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Biomechanical modelling of tendon transfers in the upper limb


School of Engineering

About the Project

Traumatic injuries to the hand and arm can result in serious loss of function for individuals, leading to an inability to carry out the activities of daily living, and a loss of independence. Tendon transfers are often used by orthopaedic surgeons to treat injuries to the upper limb, restoring lost function. The outcomes of surgery however, are highly dependent on the biomechanics of the post-surgical limb, both in terms of musculo-tendon properties of the newly attached tendon, but also considering any function lost at the donor site, and the residual function in the surrounding structures of the limb.

Previous research on the biomechanics of tendon transfer in hand surgery has made extensive use of cadaveric models. While these can give insight into key parameters that affect the outcomes of surgery (e.g. Alewijnse et al., 2019), they fail to capture the dynamic nature of muscle forces that drive hand function. A computational, biomechanical model of hand and arm dynamics, representing specific patient deficits, provides a remarkably versatile tool for exploring surgical options. We therefore use computer modelling of the musculoskeletal system to understand the fine interplay of forces between structures, and their effect on limb dynamics and interaction with the environment (Bolsterlee et al. 2013).

In this project, you will conduct simulations using such models to explore the effects of tendon transfers on functional outcomes in the upper limb. The aims of the project are to identify the most important factors for determining surgical outcome, and to further develop the models to allow patients to interact with the biomechanics of the post-surgical limb in a virtual reality scenario.
As a team, we have many years of experience in biomechanics and computer modelling of the upper limb, with more than 40 peer-reviewed publications in related areas (https://scholar.google.com/citations?user=Gf4QzU4AAAAJ&hl=en). Our models have been applied to clinically important problems such as the restoration of arm function in spinal cord injury (Chadwick et al., 2011), estimation of internal loading for prosthesis design, and analysis of upper limb function in manual wheelchair users.

Candidates should have (or expect to achieve) a UK honours degree at 2.1 or above (or equivalent) in Mechanical or Biomedical Engineering, Human Movement Science or related area.

Applicants must have a Interest in medical technology, human movement science or orthopaedics and rehabilitation. Experience of independent project work as well as working in a team along with knowledge of Mathematical modelling, computer programming (Matlab or Python).

APPLICATION PROCEDURE:

• Apply for Degree of Doctor of Philosophy in Engineering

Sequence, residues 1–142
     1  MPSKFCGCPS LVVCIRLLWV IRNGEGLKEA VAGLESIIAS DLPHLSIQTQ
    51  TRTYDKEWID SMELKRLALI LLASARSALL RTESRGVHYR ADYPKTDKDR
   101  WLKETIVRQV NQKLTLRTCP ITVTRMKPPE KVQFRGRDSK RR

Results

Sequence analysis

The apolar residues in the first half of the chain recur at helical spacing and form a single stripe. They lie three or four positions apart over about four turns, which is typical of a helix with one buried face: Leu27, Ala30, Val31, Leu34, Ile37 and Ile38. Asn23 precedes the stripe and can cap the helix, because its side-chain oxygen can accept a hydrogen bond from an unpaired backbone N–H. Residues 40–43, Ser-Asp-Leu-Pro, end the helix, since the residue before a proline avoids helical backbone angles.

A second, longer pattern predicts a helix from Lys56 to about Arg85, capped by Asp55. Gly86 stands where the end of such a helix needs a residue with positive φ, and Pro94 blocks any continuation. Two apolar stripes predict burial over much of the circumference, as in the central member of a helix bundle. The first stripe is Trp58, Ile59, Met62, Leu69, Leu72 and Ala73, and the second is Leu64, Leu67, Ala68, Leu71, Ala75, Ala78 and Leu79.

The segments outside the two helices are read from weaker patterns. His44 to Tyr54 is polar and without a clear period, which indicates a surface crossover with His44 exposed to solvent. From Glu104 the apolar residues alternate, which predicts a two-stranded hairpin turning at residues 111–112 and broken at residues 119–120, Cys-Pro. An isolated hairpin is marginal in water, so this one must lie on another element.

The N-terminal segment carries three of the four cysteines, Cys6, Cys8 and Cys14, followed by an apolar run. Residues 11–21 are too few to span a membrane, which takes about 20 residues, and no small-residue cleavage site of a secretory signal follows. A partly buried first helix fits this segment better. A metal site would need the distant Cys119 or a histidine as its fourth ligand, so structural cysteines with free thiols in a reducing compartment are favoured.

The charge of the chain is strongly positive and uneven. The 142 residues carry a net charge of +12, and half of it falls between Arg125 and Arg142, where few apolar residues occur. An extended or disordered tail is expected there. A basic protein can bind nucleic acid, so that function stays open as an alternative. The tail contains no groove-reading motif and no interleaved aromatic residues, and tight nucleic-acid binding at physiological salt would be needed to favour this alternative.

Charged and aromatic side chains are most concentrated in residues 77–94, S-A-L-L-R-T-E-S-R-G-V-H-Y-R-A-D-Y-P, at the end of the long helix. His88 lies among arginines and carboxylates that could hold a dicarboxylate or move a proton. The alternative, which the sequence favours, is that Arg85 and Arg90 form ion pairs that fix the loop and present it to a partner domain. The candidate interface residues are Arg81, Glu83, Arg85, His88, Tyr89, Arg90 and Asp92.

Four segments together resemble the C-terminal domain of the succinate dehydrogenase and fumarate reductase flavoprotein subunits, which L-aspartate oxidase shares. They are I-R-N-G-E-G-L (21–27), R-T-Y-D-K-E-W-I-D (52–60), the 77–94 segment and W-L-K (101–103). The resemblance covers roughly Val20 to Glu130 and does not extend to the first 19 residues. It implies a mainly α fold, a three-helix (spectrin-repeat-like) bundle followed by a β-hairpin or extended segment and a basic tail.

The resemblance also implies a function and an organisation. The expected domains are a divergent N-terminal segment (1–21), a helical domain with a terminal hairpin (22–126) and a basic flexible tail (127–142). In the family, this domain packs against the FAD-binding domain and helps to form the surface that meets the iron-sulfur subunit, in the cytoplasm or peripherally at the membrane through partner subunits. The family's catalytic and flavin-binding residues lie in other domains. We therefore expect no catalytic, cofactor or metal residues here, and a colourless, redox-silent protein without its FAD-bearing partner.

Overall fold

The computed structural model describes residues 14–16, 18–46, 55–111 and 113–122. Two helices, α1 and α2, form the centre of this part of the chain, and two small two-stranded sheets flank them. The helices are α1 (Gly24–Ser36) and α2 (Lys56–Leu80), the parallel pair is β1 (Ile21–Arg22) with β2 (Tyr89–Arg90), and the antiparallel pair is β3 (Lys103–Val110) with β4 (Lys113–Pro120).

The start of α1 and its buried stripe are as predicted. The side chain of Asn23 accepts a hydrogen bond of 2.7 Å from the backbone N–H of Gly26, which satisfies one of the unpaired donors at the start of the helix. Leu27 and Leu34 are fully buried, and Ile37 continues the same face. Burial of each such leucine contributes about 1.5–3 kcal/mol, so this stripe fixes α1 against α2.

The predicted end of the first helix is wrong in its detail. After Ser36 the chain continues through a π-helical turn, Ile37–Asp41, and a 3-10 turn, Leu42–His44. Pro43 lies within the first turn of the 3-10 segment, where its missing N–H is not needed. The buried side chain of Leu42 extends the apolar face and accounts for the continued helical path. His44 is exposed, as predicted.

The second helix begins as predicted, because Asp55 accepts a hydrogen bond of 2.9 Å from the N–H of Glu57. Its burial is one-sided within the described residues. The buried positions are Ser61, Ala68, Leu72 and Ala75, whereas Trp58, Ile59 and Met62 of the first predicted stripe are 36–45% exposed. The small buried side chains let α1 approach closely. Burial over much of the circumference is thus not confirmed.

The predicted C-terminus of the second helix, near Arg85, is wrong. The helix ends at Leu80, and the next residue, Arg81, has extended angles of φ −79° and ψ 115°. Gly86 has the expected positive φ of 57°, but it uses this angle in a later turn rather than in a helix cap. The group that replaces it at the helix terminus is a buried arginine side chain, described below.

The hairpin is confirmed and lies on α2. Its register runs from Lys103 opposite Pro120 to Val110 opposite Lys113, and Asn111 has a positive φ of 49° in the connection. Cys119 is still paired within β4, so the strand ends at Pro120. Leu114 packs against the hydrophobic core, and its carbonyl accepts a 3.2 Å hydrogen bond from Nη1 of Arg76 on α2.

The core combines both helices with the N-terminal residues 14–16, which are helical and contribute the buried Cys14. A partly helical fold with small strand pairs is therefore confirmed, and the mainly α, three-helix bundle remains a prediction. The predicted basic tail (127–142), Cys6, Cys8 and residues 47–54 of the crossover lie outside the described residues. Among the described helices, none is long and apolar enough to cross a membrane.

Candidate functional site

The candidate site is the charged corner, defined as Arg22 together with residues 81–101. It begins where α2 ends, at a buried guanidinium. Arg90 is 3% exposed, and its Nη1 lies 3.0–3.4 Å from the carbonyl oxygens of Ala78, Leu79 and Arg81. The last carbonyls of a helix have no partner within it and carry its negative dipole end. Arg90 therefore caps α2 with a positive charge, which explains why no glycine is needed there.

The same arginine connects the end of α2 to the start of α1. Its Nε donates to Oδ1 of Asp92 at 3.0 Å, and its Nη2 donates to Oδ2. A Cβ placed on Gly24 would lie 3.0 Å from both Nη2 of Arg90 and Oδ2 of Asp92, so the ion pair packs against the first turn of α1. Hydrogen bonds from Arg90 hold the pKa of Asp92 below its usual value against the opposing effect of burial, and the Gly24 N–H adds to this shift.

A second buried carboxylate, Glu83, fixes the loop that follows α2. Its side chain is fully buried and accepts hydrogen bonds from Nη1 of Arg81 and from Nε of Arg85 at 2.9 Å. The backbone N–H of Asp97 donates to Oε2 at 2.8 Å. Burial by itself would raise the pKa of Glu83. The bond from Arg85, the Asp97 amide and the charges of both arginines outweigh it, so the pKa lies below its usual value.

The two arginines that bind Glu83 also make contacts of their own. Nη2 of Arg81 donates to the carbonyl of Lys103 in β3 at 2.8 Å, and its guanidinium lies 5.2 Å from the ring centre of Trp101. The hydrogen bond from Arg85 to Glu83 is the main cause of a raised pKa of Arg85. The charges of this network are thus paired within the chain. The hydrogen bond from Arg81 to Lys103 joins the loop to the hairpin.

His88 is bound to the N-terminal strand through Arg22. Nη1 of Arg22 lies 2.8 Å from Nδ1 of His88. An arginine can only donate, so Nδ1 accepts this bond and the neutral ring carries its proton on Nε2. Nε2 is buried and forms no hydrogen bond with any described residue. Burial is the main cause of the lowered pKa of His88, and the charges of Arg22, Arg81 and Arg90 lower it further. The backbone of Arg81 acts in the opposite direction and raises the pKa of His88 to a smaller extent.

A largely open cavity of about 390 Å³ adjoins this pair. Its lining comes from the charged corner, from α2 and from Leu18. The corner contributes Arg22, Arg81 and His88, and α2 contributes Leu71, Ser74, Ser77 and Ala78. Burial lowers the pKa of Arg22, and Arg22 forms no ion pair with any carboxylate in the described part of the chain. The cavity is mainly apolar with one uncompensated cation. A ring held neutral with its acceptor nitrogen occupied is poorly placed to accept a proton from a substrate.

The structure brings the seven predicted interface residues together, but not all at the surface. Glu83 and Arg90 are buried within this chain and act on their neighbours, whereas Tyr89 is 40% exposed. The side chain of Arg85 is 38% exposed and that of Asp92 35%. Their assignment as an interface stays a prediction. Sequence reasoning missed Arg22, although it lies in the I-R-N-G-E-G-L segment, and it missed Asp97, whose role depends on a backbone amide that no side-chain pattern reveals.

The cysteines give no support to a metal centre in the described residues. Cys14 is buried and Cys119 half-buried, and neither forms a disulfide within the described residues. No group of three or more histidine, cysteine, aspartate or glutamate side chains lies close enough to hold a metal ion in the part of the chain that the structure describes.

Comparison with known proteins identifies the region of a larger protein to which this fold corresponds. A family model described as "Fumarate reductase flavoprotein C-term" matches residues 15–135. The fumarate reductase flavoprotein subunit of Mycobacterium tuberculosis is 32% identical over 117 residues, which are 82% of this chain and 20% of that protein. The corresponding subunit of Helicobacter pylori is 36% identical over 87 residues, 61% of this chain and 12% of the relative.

• State name of the lead supervisor as the Name of Proposed Supervisor
• State ‘Self-funded’ as Intended Source of Funding
• State the exact project title on the application form

When applying please ensure all required documents are attached:

• All degree certificates and transcripts (Undergraduate AND Postgraduate MSc-officially translated into English where necessary)
• Detailed CV

Informal inquiries can be made to Dr Ed Chadwick (), with a copy of your curriculum vitae and cover letter. All general enquiries should be directed to the Postgraduate Research School ()

It is possible to undertake this project by distance learning. Interested parties should contact Dr Chadwick to discuss this. Distance Learning Applicants should have access to a good quality computer suitable for running Matlab. For guidelines on system requirements, see https://uk.mathworks.com/support/requirements/matlab-system-requirements.html.



Funding Notes

This project is advertised in relation to the research areas of the discipline of Biomedical Engineering. The successful applicant will be expected to provide the funding for Tuition fees, living expenses and maintenance. Details of the cost of study can be found by visiting View Website. THERE IS NO FUNDING ATTACHED TO THIS PROJECT

References

Alewijnse, Juul V., Mick Kreulen, Jan van Loon, and Mark J. C. Smeulders. 2019. ‘Extensor Pollicis Longus Rerouting for Thumb-in-Palm Deformity in Cerebral Palsy: A Biomechanical Analysis’. The Journal of Hand Surgery, European Volume 44 (8): 785–89. https://doi.org/10.1177/1753193419857067.

Bolsterlee, Bart, DirkJan H. E. J. Veeger, and Edward K. Chadwick. 2013. ‘Clinical Applications of Musculoskeletal Modelling for the Shoulder and Upper Limb’. Medical & Biological Engineering & Computing 51 (9): 953–63. https://doi.org/10.1007/s11517-013-1099-5.

Chadwick, E K, D Blana, J D Simeral, J Lambrecht, S P Kim, A S Cornwell, D M Taylor, L R Hochberg, J P Donoghue, and R F Kirsch. 2011. ‘Continuous Neuronal Ensemble Control of Simulated Arm Reaching by a Human with Tetraplegia’. Journal of Neural Engineering 8 (3): 034003. https://doi.org/10.1088/1741-2560/8/3/034003.

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